|Photo: User:51fifty. Used under Creative Commons license.|
New York city is the latest U.S. city to bring a lawsuit
against Purdue Pharmaceutical and other companies involved in manufacturing and
distributing prescription painkillers, known as opioids. Some 250 such lawsuits
have been filed alleging that deceptive industry marketing practices have
caused opioid overdose deaths to skyrocket.
“More New Yorkers have died from opioid overdoses than car
crashes and homicides combined in recent years. Big Pharma helped to fuel this
epidemic by deceptively peddling these dangerous drugs and hooking millions of
Americans in exchange for profit,” Bill de Blasio, mayor of New York city, said
in a statement. “It’s time [to] hold the companies accountable for what they’ve
done to our city, and help save more lives.”
In 2016, 42,249 people died of opioid-caused overdoses in
the U.S., according to the U.S. Centers for Disease Control and Prevention—more
than deaths from breast cancer that same year.
De Blasio is by no means the first senior elected official
to condemn the opioid business. "Purdue Pharma ignored the devastating
consequences of its opioids and profited from its massive deception,” Bob
Ferguson, the Washington state attorney general, said in a statement last
“On average, two people die each day from opioid overdoses in our state. Tens
of thousands of others struggle with addiction.”
Indeed Alaska has declared opioid deaths constitute a state
disaster. "When earthquakes, fires or floods claim lives and property on a
large scale, a declaration of disaster is issued to prioritize the state’s
response. This is no different,” Bill Walker, the state governor said in a
prepared statement last February. “We must stop this opioid epidemic."
Opioids, a class of drugs not unlike opium, have been
marketed by the pharmaceutical industry for over 100 years, ever since Bayer
invented heroin in 1874, but use has increased massively in the last three
In 1996, Purdue Pharmaceutical, owned by the Sackler brothers of New York,
started to market a product called OxyContin. The company released a host of
marketing materials including a video featuring Dr Alan Spanos, a pain
specialist in North Carolina. "They don't wear out; they go on working;
they do not have serious medical side effects,", Spanos said. "So,
these drugs, which I repeat, are our best, strongest pain medications, should
be used much more than they are for patients in pain."
The number of opioid prescriptions shot up from 2 million a
year in the early 1990s to 11 million by the end of the decade. Over
the next 20 years, the quantity of opioids prescribed by U.S. doctors tripled.
By 2015, doctors were prescribing enough opioids to keep every person in the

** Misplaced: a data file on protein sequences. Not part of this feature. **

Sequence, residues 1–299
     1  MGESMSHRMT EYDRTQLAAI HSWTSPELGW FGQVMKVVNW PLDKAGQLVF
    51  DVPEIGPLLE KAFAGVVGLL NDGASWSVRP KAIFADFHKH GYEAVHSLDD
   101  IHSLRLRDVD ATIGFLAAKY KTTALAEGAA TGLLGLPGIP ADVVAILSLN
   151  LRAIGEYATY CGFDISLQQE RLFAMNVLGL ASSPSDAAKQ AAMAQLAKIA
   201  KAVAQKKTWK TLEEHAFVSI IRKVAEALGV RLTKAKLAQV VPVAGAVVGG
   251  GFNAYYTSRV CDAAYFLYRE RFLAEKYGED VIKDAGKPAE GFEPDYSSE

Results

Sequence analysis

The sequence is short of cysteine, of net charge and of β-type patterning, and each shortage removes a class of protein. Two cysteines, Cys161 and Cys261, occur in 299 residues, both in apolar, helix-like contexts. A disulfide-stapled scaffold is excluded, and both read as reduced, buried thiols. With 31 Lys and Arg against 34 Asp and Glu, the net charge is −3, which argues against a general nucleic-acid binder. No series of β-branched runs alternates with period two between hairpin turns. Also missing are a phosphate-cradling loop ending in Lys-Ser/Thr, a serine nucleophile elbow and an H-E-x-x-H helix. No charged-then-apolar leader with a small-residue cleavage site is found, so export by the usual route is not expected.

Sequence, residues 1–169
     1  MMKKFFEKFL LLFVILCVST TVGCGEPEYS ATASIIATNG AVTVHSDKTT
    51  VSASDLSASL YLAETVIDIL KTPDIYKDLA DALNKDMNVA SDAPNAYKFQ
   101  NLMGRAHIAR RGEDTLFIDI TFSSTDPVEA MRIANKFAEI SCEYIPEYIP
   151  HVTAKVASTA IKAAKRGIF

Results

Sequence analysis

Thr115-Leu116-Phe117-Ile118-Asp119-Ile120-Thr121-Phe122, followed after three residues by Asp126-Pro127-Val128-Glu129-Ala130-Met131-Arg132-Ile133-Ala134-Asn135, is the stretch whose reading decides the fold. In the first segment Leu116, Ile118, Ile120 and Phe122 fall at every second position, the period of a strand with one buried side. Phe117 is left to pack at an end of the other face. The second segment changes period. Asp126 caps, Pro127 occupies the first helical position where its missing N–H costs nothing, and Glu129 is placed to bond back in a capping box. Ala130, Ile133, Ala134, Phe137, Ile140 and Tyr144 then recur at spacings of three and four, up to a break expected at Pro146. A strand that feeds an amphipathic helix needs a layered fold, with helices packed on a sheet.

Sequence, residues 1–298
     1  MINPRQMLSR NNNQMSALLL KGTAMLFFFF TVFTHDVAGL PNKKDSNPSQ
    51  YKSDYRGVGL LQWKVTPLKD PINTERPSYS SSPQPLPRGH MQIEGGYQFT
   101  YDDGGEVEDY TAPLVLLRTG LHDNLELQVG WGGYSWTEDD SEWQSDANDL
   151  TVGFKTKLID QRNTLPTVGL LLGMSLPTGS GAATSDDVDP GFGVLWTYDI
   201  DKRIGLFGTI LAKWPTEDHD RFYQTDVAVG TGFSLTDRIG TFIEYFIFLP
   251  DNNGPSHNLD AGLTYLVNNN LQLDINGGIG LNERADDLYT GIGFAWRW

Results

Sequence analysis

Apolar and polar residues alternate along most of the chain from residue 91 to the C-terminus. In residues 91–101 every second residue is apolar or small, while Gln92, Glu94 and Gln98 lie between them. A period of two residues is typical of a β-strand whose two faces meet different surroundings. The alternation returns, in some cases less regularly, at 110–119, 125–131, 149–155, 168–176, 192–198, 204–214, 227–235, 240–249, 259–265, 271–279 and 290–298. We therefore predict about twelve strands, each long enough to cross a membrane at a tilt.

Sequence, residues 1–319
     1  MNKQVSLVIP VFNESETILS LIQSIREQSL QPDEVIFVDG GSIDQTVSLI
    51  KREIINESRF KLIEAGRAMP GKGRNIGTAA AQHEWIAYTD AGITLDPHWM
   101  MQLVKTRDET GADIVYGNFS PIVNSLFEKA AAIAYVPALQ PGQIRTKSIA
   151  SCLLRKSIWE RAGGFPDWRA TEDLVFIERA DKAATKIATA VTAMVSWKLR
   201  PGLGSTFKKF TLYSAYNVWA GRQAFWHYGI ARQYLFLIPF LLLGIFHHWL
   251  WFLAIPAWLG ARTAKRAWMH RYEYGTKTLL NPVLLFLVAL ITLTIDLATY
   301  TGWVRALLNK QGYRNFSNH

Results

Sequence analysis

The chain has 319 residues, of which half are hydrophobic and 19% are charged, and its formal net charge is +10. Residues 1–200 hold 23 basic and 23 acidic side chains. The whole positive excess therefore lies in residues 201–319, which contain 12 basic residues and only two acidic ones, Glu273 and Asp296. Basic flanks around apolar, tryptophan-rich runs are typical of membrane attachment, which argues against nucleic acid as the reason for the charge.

U.S. on pain medication for 10 hours a week.
“What happened was compassion became conflated with opioid
prescribing, so a doctor who wasn’t willing to prescribe opioids was seen as
withholding and sadistic,” Anna Lembke, a professor of psychiatry and
behavioral sciences and author of "Drug Dealer MD: How Doctors Were Duped,
Patients Got Hooked and Why It’s So Hard to Stop" told the Daily Beast
Some lawsuits says that companies specifically marketed
opioids to vulnerable communities. “I believe these companies target
populations,” Todd Hembree, the attorney
general of the Cherokee Nation in Oklahoma, told the New York Times.“They know
Native Americans have higher rates of addiction.”
The Cherokee tribe noted that as much as 80 percent of
criminal convictions of tribal members were drug-related in a lawsuit filed in
April 2017 against six drug distribution companies - AmerisourceBergen, Cardinal Health, CVS
Health, McKesson, Walgreens and Walmart. (The lawsuit was dismissed earlier
this month but the tribe plans to refile.)
Purdue says it not at fault. “We vigorously deny these
allegations and look forward to the opportunity to present our defense,"
John Puskar, Purdue Pharma spokesperson, said in an official statement.
"We are deeply troubled by the prescription and illicit opioid abuse
crisis, and are dedicated to being part of the solution.”
Many of the lawsuits have been consolidated under one judge
- Dan Polster in Cleveland, Ohio - who has gone on record saying that he isn't
really interested in prosecuting the companies or anyone else.
"In my humble opinion, everyone
shares some of the responsibility, and no one has done enough to abate it. That
includes the manufacturers, the distributors, the pharmacies, the doctors, the
federal government and state government, local governments, hospitals,
third-party payers and individuals," Polster told a gathering of lawyers earlier this month. "What I'm interested in
doing is not just moving money around, because this is an ongoing crisis. What
we've got to do is dramatically reduce the number of the pills that are out
there and make sure that the pills that are out there are being used